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The different versions have different numbers of digits and extend to different numbers of decimal places, but they all represent the same measurement with the same uncertainty. We conclude from this that a number's precision -- its random error -- is not indicated by the number of digits or by the number of decimal places.
The versions in the fourth and fifth columns, expressed in scientific notation, make it clear that only the three digits "208" tell you anything about precision. All other digits in the first three columns are unnecessary leading zeros (0.208 m), leading zeros which tell you where the decimal point goes (.000208 km), and trailing zeros which tell you where the ones place is (208000 µm).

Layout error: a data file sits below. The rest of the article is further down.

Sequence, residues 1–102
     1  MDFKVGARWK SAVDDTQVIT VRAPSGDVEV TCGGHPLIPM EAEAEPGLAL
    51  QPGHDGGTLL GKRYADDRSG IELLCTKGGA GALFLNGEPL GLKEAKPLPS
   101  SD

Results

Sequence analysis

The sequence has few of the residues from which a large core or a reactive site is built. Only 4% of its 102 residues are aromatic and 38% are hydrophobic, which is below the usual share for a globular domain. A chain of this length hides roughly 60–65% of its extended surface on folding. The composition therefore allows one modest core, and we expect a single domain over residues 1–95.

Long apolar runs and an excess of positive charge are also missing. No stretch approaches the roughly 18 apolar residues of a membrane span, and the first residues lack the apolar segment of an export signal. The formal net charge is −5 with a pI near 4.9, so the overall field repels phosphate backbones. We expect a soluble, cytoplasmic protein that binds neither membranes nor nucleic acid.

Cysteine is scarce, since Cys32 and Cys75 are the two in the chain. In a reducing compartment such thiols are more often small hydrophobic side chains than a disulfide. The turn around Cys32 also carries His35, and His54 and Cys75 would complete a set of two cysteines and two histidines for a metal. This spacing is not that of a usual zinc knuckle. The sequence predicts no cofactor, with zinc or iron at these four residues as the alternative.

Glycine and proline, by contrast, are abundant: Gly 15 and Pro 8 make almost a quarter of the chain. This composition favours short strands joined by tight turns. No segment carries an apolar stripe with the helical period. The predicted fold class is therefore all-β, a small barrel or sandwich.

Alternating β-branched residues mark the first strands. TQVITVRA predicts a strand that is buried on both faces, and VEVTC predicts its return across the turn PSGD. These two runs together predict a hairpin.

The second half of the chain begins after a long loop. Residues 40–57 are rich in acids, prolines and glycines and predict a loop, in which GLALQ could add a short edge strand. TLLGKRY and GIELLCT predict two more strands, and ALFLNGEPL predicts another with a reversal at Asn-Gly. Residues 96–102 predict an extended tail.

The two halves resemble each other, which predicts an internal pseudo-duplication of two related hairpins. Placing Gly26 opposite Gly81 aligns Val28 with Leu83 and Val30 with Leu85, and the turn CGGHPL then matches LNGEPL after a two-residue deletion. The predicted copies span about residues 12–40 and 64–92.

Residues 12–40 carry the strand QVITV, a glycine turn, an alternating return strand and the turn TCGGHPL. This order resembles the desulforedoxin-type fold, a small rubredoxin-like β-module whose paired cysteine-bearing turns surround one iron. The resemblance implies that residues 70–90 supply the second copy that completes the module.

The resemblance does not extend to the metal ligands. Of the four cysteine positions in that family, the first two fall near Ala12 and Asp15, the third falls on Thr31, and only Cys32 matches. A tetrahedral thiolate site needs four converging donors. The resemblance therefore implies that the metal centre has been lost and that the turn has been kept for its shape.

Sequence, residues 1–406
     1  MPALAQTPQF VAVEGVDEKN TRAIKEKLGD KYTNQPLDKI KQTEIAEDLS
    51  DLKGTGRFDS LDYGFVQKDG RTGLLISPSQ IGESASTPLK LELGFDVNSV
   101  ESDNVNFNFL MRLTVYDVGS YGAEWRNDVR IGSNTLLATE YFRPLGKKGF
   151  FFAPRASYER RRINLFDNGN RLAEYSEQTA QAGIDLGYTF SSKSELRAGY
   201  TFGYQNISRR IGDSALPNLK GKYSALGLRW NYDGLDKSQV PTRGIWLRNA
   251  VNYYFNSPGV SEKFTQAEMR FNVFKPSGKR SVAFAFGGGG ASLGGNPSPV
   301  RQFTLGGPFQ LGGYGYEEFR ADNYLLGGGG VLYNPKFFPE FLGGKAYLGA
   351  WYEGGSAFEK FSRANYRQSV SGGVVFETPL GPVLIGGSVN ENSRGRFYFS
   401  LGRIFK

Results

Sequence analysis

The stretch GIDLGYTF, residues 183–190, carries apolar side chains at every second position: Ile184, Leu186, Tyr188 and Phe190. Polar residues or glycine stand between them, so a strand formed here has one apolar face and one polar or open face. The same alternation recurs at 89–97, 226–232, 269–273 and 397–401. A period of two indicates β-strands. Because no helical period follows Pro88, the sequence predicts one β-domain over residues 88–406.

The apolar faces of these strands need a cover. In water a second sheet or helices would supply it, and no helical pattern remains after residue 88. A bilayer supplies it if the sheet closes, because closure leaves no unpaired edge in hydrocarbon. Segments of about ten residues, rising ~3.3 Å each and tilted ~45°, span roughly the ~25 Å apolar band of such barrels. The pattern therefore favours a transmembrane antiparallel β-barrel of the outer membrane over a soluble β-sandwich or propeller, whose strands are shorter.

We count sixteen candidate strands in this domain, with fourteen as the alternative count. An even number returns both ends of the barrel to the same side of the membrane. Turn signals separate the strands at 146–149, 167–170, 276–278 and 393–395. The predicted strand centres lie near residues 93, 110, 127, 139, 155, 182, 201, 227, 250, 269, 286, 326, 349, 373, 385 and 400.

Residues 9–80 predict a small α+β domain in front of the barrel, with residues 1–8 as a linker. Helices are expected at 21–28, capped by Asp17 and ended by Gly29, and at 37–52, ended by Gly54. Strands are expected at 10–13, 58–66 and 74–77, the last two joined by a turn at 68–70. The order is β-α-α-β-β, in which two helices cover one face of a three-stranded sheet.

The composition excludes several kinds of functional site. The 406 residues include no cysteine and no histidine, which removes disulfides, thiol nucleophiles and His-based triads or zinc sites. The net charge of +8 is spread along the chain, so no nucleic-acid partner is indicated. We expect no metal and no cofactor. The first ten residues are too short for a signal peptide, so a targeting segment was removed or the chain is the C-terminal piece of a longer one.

Just what do the digits "208" tell us about the number's precision? They tell us that the random uncertainty is a few parts in 208 -- that is, roughly a part in 100, or 1%. The larger the number of "significant digits" (or "significant figures"), the finer the precision. By using the correct number of significant figures, we let the world know just how reliable our measurements are.
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